ÜLKEDE SU BARIŞI DÜNYADA SU BARIŞI
30 April 2021
IMAGE COPYRIGHTKYRGYZSTAN PRESIDENCY/GETTY IMAGES
image caption file picture of a military drill held in early April in the border region of Batken in Kyrgyzstan
At least 13 people have been killed, scores injured and 10,000 evacuated after a water dispute led to some of the worst clashes in years on a disputed Kyrgyzstan-Tajikistan border.
Clashes started on Wednesday when people from both sides hurled stones at each other after surveillance cameras were installed at a water facility.
A truce and troop pull-back was agreed but some shooting appeared to continue.
The casualty figures are from the Kyrgyz side with Tajik numbers unclear.
Local media there reported that 10 people had died and 90 were injured.
Pictures on social media show some buildings on fire.
The disputed area is around the Batken region of Kyrgyzstan. The Kyrgyz figures on evacuations and casualties say a young girl is among the dead.
The governor of Batken said the two sides had agreed that the water surveillance equipment should be removed, but that Tajikistan then refused.
Reports say border guards quickly became involved.
Military units from both sides began exchanging fire on Thursday, but later that day a ceasefire was announced to take effect from 20:00 (14:00 GMT), with armed forces returning to their bases.
A representative of the police in Batken told the AFP news agency by telephone that shooting had continued during the night "but not intensively".
Shooting occurred "between both military units and civilians", he said.
Poor demarcation of the Kyrgyz-Tajik border has led to a number of clashes since the two countries became independent in 1991 after the collapse of the Soviet Union.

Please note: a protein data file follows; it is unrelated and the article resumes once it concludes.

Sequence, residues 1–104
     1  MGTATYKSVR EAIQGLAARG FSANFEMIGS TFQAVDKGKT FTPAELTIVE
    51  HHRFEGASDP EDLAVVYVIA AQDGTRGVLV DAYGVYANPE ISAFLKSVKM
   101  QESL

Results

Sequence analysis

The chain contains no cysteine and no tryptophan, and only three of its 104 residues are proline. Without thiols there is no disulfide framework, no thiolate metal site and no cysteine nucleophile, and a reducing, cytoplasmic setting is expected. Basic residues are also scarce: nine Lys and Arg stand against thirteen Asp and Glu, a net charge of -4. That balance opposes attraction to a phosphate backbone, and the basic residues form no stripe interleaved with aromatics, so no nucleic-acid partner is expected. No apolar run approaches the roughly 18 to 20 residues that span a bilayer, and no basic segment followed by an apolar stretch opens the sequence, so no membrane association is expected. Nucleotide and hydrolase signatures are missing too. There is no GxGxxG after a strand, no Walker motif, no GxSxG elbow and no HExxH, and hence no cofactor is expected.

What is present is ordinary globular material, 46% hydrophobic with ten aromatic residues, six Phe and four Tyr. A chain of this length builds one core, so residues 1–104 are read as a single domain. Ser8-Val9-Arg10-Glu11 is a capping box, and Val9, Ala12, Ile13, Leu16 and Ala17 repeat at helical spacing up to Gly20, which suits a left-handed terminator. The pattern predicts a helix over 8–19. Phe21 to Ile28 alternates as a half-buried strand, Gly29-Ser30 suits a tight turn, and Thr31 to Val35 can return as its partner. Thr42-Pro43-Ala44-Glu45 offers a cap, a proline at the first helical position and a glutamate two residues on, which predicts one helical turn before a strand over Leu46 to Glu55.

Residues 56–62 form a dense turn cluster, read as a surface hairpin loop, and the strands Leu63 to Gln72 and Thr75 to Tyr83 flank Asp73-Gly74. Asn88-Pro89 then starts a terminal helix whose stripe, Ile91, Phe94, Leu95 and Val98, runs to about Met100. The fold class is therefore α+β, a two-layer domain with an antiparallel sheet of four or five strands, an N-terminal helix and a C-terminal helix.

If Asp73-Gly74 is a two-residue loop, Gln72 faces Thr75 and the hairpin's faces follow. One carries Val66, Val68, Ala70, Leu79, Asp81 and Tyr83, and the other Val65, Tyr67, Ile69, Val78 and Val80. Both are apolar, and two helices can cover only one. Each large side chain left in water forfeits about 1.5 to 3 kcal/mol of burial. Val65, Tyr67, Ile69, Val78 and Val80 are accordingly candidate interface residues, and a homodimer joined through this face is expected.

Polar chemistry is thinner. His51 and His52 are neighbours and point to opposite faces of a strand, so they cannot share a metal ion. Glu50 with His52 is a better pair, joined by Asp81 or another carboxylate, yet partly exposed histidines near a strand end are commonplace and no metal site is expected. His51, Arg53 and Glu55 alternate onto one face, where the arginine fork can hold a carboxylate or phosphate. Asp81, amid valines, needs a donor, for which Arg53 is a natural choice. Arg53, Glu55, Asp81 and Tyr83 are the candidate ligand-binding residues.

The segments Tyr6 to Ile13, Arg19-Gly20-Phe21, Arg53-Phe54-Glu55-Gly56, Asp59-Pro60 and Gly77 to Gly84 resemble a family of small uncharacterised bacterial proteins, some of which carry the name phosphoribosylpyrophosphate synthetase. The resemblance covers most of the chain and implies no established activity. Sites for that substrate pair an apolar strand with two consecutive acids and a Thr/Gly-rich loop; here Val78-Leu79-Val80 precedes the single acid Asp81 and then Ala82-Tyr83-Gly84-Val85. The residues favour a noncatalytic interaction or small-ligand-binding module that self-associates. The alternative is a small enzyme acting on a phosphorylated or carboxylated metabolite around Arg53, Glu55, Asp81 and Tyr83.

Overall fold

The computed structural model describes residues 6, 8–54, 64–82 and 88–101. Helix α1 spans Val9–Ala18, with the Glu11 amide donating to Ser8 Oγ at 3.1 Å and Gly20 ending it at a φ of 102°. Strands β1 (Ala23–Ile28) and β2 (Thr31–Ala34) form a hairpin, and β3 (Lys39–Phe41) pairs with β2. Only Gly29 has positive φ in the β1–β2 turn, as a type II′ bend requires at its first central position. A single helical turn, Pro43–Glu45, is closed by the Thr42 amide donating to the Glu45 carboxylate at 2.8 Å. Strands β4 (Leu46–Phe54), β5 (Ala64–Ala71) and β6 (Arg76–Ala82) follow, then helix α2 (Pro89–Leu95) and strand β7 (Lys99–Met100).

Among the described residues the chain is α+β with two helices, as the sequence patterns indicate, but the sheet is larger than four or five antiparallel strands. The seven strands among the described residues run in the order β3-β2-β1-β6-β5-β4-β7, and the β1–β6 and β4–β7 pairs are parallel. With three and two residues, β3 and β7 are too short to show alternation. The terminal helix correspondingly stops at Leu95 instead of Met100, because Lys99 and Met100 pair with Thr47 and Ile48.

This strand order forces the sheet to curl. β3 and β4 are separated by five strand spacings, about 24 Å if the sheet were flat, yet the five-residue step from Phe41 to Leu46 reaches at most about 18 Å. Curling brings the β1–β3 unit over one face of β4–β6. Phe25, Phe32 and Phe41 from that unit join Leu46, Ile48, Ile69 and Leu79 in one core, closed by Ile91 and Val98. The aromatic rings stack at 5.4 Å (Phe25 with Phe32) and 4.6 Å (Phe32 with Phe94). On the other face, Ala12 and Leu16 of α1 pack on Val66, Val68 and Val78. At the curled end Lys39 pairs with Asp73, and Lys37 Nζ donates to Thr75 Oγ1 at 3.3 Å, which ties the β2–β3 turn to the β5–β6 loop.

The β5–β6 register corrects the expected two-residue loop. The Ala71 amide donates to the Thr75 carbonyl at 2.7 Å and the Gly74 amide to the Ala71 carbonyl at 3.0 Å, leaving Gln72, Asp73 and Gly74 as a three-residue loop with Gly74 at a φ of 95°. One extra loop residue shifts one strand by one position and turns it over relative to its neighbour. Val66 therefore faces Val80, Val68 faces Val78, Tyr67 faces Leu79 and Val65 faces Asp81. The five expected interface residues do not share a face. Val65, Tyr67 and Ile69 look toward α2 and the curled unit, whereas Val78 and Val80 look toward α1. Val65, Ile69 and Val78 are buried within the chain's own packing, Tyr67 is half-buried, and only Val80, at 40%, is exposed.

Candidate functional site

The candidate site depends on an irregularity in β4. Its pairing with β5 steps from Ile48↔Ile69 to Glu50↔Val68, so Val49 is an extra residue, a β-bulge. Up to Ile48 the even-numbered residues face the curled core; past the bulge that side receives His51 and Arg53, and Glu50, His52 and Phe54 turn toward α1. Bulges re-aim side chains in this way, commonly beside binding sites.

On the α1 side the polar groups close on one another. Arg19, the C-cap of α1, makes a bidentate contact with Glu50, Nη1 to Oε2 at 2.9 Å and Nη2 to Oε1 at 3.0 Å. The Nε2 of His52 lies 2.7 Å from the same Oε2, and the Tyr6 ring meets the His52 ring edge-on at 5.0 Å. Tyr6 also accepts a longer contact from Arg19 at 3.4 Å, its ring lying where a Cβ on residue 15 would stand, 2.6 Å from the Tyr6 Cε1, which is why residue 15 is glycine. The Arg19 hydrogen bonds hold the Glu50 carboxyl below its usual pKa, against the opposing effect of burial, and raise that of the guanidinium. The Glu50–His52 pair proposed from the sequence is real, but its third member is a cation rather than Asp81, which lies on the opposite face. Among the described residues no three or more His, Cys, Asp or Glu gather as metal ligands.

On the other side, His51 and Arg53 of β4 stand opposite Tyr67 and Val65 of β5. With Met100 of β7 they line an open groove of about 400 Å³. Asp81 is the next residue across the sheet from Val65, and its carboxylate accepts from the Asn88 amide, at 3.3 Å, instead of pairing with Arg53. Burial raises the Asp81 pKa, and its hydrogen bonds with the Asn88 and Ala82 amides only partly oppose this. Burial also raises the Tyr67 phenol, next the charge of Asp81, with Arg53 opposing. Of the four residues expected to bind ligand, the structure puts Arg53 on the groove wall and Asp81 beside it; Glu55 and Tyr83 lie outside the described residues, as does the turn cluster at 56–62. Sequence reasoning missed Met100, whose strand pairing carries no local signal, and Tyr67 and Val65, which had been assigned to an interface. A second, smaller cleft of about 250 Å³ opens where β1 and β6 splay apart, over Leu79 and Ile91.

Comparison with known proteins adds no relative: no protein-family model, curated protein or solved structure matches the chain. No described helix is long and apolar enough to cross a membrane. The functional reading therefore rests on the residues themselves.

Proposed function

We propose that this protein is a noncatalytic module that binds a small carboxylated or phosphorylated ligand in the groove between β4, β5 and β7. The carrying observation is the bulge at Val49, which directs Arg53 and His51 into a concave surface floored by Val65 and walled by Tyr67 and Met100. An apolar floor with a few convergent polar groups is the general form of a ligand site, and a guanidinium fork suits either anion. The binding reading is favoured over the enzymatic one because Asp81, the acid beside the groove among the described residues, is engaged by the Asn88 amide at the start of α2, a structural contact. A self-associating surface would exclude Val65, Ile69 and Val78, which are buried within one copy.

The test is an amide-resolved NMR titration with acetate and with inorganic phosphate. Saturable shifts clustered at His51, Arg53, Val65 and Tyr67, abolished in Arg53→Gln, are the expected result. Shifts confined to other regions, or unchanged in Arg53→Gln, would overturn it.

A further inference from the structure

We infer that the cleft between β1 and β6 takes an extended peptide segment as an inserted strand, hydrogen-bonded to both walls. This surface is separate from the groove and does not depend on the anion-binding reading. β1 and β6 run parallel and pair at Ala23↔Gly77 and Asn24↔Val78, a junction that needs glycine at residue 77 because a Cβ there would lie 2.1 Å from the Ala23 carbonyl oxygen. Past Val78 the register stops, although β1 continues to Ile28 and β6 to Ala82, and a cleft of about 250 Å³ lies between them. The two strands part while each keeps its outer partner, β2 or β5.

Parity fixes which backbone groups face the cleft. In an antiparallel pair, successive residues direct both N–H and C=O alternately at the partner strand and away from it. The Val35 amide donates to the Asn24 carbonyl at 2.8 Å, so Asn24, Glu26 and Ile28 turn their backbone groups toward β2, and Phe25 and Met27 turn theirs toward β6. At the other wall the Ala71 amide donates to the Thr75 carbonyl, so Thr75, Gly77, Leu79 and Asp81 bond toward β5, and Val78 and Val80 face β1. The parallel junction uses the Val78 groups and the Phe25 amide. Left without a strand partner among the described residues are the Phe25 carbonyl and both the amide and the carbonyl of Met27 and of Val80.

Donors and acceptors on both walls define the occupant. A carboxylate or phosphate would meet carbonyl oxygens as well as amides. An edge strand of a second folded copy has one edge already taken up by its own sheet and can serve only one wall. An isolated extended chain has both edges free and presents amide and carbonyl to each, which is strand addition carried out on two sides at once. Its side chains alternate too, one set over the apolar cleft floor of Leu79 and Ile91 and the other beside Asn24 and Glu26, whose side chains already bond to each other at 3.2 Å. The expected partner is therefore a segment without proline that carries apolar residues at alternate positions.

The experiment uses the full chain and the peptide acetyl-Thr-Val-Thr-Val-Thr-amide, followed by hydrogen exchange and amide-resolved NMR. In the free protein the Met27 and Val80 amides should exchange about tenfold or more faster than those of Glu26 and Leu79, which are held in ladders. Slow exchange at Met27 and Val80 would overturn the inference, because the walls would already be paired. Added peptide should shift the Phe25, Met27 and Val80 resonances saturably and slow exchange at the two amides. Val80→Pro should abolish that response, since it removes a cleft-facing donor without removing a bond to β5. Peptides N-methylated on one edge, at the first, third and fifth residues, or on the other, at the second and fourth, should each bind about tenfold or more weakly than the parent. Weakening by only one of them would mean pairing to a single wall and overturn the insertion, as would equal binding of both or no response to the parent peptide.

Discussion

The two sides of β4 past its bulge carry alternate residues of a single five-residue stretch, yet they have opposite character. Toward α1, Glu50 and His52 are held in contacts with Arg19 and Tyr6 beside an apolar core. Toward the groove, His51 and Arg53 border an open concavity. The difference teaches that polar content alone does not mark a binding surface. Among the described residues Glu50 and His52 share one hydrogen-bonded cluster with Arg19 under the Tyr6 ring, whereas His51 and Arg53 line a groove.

On Friday, Tajikistan acknowledged the ceasefire in a statement published by its state information service.
The fighting has focused on water facilities in territory claimed by both Kyrgyzstan and Tajikistan. Like many parts of Central Asia, the border between the two countries has been a focus of tension for the past 30 years.
Before that, it mattered little which bit of territory belonged to whom as people could move freely between Soviet Republics. But the collapse of the USSR generated hard borders - and potential violence.
The meandering boundary between Tajikistan and Kyrgyzstan is particularly tense as over a third of its 1,000-km (600-mile) length is disputed. Restrictions on access to land and water that communities regard as theirs have often led to deadly clashes in the past.
The latest fighting was the heaviest in years and has raised fears of a wider conflict between two impoverished neighbours.